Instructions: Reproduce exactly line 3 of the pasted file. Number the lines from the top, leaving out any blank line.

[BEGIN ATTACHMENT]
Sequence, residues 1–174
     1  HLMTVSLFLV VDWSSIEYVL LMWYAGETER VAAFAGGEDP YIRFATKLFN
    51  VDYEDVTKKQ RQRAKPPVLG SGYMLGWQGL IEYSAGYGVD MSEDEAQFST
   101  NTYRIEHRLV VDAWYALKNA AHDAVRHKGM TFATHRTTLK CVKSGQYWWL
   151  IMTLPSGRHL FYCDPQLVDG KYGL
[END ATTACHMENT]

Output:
    51  VDYEDVTKKQ RQRAKPPVLG SGYMLGWQGL IEYSAGYGVD MSEDEAQFST